Corporate A-listers descend on Riyadh
22 May 2017 - 0:53
Washington/Riyadh: Defense contractors were the big winners, but President Donald Trump’s first day in Saudi Arabia yielded a slew of high-profile investment deals that showcased the administration’s ability to draw support from major corporations.
Top executives who descended on Riyadh for a CEO summit timed to coincide with Trump’s visit included JPMorgan Chase & Co. Chief Executive Officer Jamie Dimon, Blackstone Group LP CEO Steve Schwarzman, and Marillyn Hewson, the CEO of Lockheed Martin Corp.
Saturday’s meeting, the “Saudi-U.S. CEO Forum,” drew the kind of corporate firepower Trump suggested he could harness when he ran for the Oval Office as a Washington outsider/business executive who would reach outside the Beltway and enlist other executives in support of the administration’s economic goals.
More than 30 CEOs of major U.S. companies were on hand for the summit, at the Four Seasons Hotel in Riyadh. Some later joined Trump and Saudi officials at the Royal Court Palace for a deal-signing ceremony. Those who spoke to reporters said they weren’t put off by drama surrounding the Trump White House. “We’re just seeing tremendous opportunity with Trump coming here,” said Steven Demetriou, CEO of Jacobs Engineering Group.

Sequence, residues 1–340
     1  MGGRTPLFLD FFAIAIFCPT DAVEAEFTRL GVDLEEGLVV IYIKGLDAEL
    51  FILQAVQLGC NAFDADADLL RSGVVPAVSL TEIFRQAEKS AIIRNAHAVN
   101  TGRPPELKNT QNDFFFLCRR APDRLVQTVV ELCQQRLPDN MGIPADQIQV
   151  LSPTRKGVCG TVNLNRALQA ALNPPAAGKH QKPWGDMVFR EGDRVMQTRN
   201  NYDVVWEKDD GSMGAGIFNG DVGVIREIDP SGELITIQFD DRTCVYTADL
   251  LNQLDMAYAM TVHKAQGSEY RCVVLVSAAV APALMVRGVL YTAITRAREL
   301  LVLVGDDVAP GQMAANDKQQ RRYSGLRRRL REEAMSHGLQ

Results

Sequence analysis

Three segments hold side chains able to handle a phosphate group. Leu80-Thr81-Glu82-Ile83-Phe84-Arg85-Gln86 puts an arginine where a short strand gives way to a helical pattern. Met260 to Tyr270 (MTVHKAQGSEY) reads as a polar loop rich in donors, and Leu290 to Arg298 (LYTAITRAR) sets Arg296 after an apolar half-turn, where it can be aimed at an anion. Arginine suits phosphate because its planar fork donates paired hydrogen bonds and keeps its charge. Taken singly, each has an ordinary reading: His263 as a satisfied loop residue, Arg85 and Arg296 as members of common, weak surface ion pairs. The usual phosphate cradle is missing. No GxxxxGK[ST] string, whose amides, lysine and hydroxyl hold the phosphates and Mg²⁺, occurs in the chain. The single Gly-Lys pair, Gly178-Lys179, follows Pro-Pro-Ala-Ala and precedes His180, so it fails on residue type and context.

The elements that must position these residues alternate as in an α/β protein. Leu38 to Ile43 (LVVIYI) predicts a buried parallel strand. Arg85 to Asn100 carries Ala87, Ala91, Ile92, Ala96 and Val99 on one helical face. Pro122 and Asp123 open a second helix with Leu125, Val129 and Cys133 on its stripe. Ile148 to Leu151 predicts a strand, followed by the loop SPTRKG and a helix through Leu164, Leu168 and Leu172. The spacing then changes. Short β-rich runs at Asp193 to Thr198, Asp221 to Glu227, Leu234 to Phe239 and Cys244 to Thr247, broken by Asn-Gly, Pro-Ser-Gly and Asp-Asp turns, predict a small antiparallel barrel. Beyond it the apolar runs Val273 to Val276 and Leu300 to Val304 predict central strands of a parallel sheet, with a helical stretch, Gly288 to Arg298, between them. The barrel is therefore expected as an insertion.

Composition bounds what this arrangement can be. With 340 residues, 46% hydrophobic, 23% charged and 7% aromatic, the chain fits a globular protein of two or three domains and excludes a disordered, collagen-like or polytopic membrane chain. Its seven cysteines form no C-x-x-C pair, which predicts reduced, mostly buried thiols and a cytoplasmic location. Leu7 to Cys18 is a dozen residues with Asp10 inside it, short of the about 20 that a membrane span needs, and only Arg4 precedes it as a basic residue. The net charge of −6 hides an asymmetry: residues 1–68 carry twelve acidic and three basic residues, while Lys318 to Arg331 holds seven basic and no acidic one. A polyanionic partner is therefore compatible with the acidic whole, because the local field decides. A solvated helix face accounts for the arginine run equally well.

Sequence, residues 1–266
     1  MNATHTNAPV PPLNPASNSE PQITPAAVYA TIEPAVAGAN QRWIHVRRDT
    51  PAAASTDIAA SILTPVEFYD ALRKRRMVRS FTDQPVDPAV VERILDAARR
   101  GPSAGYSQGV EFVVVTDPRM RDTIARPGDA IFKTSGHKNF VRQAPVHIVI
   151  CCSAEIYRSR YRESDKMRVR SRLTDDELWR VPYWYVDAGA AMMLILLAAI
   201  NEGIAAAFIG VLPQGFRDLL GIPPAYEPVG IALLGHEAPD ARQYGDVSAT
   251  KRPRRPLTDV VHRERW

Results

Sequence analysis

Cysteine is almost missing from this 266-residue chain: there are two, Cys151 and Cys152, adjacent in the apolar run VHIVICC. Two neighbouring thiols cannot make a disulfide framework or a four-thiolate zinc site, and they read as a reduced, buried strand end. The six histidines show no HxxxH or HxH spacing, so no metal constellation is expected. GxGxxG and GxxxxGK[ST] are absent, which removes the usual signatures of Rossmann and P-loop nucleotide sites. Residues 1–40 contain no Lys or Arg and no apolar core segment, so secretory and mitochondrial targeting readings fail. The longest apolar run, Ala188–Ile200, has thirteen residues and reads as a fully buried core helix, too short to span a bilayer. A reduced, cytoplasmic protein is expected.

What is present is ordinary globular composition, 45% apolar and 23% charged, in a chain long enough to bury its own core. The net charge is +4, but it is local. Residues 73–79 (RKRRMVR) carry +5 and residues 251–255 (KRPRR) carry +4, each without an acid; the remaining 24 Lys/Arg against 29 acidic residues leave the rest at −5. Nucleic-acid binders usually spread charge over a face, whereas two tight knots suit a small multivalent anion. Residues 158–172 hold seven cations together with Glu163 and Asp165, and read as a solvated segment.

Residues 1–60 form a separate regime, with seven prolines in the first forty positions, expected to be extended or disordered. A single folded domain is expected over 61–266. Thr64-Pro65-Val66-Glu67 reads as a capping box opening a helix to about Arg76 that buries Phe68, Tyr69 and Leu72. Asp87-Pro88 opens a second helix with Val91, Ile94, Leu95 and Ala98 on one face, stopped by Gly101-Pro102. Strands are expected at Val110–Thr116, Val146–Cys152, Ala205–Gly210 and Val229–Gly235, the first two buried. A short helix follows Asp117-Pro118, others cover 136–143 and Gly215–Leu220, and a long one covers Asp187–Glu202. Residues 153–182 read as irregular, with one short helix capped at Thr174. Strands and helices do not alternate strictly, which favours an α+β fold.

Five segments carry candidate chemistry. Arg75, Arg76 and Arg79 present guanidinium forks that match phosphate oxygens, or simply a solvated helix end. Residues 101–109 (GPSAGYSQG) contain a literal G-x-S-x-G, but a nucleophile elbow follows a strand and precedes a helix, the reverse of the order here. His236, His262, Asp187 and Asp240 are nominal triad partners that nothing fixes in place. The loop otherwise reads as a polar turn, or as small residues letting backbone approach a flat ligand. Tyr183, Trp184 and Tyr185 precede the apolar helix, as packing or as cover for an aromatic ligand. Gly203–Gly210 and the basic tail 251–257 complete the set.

Dimon gave a thumbs-up to Trump’s deregulatory agenda in an interview with Bloomberg Television. “Most of us in business think that regulations have been holding back growth,” he said.
Arms deals and intentions alone announced on Saturday totaled some $110bn, in what would be the largest arms package in US history. Meanwhile, Blackstone, the world’s biggest private equity manager, announced an agreement with Saudi Arabia’s Public Investment Fund to invest $100bn in infrastructure projects, mainly in the US.
Derided by Trump at times over the cost of the F-35 fighter jet program, Lockheed seemed to have made peace with the White House. Earlier this week, the New York Times reported that Trump’s son-in-law and senior adviser Jared Kushner phoned Hewson while meeting a Saudi delegation, suggesting Lockheed lower the cost of an anti-missile system it was pitching to the Saudis.
Price cut or not, Lockheed racked up more than $28bn in sales and intentions, the company said in a statement, covering integrated air and missile defense, combat ships, tactical aircraft and rotary wing technologies and programs.
Also on hand in Riyadh was Boeing Co. Chief Executive Officer Dennis Muilenburg; Trump has at times encouraged Boeing and Lockheed to compete for pricey US defense contacts.
“This is a great vote of confidence by the United States in the business environment of Saudi Arabia,” Secretary of State Rex Tillerson, traveling with the president, said during a press conference.
The military sales and intended deals fall broadly into five categories: border security and counterterrorism; maritime and coastal security; air force modernization; air and missile defense; and cybersecurity and communications upgrades, according to a State Department statement.